NRDC Responds to Pebble's Cohen Report: "Wrong on the Money, Wrong on the Merits"

11/04/2015 02:15 pm ET Updated Nov 04, 2016
UNITED STATES - JUNE 29:  Setnet fishermen trap salmon when the fish swim close to shore. Bristol Bay, Alaska.  (Photo by Mic
UNITED STATES - JUNE 29: Setnet fishermen trap salmon when the fish swim close to shore. Bristol Bay, Alaska. (Photo by Michael Melford/National Geographic/Getty Images)

I've written before that the Cohen Report - an attack on EPA, paid for by the Pebble Limited Partnership, and released last month by DC lobbyists The Cohen Group and DLA Piper LLP - lacks independence, predictably supports Pebble's perspective, and should be ignored. And no one has expressed this more eloquently than the people of Alaska themselves.

The Pebble Limited Partnership's sole reason for being is to promote the Pebble Mine - period. In its latest attempt to derail EPA's review of this potentially "catastrophic" project, Pebble paid former Defense Secretary William Cohen, The Cohen Group, and DLA Piper LLP to prepare an "independent" report that, unsurprisingly, confirms that EPA's review should be derailed.

Follow the money.

Based on a thorough review of the Cohen Report, NRDC today released a response documenting in detail that the Cohen Report is not only lacking in independence, but lacking on the merits - that Cohen's criticisms of EPA are unfounded as a matter of fact and law:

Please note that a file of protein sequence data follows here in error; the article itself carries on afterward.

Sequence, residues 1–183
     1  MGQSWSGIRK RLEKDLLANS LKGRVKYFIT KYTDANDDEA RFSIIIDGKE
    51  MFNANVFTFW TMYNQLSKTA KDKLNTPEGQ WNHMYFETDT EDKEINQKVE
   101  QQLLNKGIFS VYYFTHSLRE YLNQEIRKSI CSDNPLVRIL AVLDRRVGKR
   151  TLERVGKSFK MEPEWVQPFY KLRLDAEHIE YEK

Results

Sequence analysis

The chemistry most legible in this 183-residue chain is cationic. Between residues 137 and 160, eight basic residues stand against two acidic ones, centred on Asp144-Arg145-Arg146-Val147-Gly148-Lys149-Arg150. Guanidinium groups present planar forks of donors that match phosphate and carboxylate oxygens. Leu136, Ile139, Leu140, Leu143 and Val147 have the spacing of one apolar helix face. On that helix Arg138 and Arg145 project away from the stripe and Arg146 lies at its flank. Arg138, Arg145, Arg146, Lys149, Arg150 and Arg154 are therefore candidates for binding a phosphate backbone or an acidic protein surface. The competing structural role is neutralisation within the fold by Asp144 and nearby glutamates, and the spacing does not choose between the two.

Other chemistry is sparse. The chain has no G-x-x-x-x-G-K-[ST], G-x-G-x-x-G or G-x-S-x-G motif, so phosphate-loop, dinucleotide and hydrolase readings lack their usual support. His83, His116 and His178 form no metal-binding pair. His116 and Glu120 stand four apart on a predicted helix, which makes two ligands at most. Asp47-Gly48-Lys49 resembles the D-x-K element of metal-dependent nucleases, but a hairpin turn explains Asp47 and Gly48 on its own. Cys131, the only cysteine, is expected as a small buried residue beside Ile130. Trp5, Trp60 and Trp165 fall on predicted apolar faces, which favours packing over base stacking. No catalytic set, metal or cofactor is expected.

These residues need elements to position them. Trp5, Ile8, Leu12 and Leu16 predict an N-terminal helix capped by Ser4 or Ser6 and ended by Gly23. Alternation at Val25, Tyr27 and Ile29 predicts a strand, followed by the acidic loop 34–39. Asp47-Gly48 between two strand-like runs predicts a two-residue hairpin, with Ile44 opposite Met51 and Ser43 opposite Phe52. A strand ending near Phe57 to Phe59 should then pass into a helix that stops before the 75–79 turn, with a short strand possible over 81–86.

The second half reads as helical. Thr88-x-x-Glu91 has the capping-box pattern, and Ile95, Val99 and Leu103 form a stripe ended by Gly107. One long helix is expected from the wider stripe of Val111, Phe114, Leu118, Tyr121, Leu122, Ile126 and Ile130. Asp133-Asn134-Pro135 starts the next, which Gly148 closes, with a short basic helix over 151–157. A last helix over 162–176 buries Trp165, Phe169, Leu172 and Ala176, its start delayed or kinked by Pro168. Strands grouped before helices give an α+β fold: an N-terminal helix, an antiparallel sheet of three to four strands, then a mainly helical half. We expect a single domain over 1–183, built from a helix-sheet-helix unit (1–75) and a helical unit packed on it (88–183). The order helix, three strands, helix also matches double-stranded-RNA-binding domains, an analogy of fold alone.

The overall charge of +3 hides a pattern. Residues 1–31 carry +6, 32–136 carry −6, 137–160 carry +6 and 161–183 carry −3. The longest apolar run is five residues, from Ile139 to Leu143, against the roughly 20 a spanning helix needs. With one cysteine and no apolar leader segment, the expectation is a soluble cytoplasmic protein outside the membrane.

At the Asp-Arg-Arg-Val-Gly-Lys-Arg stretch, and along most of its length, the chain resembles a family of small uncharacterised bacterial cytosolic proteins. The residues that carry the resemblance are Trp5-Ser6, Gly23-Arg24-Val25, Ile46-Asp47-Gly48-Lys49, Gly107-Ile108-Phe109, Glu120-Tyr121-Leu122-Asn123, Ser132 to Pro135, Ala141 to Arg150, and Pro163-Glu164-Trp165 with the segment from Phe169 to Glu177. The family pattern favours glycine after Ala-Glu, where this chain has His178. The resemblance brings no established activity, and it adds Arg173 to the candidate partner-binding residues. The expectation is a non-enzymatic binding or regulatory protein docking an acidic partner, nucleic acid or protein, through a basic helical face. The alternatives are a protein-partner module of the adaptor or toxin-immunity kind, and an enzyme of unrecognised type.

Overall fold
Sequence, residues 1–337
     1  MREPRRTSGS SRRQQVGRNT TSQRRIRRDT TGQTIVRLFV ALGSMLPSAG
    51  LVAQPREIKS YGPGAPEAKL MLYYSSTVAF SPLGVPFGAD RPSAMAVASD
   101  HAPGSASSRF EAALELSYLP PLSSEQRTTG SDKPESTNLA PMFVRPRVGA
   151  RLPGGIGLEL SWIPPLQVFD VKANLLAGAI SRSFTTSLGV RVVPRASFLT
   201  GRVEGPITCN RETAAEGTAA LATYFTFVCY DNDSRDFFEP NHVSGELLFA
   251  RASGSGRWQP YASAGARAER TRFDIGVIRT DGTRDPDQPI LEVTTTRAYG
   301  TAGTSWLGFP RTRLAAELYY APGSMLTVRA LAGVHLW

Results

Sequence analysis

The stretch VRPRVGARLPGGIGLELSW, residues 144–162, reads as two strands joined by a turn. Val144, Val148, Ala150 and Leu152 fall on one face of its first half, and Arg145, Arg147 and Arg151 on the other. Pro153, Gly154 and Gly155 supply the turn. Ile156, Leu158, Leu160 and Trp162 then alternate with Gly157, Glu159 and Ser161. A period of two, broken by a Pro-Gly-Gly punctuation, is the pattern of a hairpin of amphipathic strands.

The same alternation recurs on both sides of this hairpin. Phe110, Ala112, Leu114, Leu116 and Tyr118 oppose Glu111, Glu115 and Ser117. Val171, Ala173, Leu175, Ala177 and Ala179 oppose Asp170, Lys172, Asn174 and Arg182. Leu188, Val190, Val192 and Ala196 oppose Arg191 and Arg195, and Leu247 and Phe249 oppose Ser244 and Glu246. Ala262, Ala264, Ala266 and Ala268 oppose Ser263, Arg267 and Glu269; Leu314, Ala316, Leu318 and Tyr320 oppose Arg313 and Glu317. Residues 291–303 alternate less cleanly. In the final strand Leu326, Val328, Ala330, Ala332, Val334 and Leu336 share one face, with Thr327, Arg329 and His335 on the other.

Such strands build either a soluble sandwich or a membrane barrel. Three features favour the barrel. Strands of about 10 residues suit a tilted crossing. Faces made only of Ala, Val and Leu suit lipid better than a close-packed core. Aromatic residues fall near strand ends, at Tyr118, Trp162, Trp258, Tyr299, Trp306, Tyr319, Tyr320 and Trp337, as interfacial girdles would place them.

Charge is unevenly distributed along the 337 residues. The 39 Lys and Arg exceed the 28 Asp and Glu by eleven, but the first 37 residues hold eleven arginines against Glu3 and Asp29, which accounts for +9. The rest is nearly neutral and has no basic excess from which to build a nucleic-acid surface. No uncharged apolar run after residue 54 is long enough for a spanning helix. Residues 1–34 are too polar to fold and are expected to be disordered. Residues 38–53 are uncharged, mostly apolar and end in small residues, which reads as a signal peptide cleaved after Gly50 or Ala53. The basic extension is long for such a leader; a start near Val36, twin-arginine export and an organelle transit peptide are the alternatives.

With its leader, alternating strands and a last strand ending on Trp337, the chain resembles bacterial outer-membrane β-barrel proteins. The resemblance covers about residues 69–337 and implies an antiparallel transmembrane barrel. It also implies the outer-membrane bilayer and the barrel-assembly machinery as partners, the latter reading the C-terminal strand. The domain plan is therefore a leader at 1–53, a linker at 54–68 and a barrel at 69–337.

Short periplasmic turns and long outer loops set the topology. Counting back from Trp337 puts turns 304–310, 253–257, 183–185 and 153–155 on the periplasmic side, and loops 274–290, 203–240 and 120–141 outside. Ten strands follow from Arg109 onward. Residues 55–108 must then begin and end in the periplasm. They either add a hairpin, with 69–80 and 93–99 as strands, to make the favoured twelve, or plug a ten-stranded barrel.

• The Cohen Report contends that EPA's process to protect the fisheries and other resources of Bristol Bay is "unprecedented" and "unfair." On the contrary, pre-permitting decision-making is, in fact, common in a variety of environmental contexts. That EPA acted proactively, in a manner contrary to the interests of Secretary Cohen's clients, does not make the agency's actions unprecedented, novel, or illegitimate in any way.
  • The Cohen Report readily confirms Pebble's allegations that EPA had "inappropriately close relationships" with advocates of salmon protection in Bristol Bay. However, the Report ignores the extraordinarily comprehensive and inclusive public process that accompanied every stage of EPA's review, including repeated opportunities for public comment and two separate scientific peer reviews.
  • The Cohen Report argues that EPA did not fully explain the basis for its proposal to protect Bristol Bay. But that claim is belied by the extensive record, including EPA's comprehensive scientific watershed assessment and the agency's proposed determination.
  • It is the Cohen Report - not EPA's process - that lacks transparency and reflects a predetermined result.

Tomorrow, on Capitol Hill, when the House Committee on Science, Space, and Technology will hear testimony from Secretary Cohen, NRDC's response will provide solid grounds for skepticism. The Cohen Report is flawed as a matter of both process and substance - and it should be ignored.